American Cancer Society Now Pushing Cervical Cancer Vaccine on Young Girls

As I posted last week, more states are considering a requirement for the human papillomavirus (HPV) vaccine, which is being promoted as a way to prevent cervical cancer.

Now, the American Cancer Society has issued guidelines recommending that 11- and 12-year old girls should routinely receive the HPV vaccine. The guidelines also say:

  • Females as young as 9 years may receive HPV vaccination
  • HPV vaccination is also recommended for females ages 13 to 18 years to catch up on a missed vaccine or to complete the vaccination series
  • There is not enough data to recommend for or against HPV vaccination for women ages 19 to 26

Folks, cervical cancer is virtually 100 percent avoidable through behavioral modifications (it’s spread through sexual contact), and most HPV infections clear up on their own. While vaccine manufacturers could expect to receive billions of dollars if this vaccine becomes mandatory, the vaccine recipients will not be so lucky.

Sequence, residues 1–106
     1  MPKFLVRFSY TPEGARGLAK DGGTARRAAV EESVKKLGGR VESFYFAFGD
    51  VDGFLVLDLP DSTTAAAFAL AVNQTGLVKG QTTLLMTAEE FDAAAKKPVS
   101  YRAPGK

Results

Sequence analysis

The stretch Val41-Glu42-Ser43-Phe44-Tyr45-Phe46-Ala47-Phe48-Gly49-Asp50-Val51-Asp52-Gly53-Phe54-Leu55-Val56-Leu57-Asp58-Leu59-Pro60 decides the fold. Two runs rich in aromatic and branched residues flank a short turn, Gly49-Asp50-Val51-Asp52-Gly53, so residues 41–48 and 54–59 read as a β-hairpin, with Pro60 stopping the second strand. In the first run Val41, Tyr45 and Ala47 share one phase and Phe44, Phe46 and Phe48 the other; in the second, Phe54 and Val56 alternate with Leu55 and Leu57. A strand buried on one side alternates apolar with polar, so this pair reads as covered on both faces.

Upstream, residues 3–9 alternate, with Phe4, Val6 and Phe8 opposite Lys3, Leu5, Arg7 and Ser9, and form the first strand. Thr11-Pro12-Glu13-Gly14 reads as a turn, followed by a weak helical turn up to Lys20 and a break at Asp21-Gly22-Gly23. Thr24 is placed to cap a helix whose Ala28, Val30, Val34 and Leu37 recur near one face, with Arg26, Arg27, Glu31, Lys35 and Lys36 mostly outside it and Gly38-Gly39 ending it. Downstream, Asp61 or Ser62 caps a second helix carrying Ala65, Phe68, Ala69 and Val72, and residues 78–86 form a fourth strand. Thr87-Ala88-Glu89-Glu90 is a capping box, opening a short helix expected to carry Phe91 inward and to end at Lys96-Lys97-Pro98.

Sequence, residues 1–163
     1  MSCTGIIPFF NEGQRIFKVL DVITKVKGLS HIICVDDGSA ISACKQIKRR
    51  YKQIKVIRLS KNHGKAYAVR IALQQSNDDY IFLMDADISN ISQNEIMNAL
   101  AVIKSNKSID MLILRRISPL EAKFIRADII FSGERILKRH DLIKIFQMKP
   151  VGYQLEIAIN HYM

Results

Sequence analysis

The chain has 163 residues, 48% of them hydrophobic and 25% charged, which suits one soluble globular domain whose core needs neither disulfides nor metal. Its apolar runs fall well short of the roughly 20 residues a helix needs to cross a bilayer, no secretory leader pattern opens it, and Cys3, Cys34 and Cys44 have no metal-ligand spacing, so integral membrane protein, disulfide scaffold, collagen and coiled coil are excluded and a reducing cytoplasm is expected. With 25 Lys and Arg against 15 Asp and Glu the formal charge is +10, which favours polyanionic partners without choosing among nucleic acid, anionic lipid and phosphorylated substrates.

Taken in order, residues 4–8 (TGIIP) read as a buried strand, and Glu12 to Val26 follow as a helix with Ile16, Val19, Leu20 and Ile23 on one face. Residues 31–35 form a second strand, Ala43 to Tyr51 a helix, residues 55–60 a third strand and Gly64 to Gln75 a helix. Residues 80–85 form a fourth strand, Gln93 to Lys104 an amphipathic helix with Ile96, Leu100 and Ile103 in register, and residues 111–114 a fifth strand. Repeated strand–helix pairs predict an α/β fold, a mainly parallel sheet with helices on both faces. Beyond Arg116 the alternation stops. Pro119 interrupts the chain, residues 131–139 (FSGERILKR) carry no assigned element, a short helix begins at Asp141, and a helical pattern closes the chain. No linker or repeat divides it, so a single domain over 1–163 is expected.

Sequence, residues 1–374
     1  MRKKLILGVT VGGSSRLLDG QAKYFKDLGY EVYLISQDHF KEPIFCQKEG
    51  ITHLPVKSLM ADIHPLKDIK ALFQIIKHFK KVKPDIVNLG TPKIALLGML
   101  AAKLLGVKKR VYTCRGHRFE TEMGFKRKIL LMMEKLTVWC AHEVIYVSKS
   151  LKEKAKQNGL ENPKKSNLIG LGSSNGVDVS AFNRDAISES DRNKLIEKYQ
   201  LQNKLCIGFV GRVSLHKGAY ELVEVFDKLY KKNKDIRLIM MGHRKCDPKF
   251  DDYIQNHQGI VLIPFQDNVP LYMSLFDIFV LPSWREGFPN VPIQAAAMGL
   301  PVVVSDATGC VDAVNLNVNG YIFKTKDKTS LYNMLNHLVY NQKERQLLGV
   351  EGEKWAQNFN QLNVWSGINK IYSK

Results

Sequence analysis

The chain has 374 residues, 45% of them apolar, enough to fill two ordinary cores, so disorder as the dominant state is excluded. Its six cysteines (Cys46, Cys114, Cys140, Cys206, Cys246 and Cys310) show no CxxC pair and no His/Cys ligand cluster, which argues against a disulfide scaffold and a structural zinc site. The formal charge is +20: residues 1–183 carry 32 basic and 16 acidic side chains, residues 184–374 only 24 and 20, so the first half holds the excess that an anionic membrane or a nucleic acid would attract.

Cancer prevention is not as simplistic as taking a vaccination. Maintaining a high level of immune integrity is the key, and this is done through the basics of emotional balancing, optimized nutrition, avoidance of toxins, proper sleep, exercise and hydration.

CA: A Cancer Journal for Clinicians January/February 2007; 57:7-28 (Free Full-Text Article)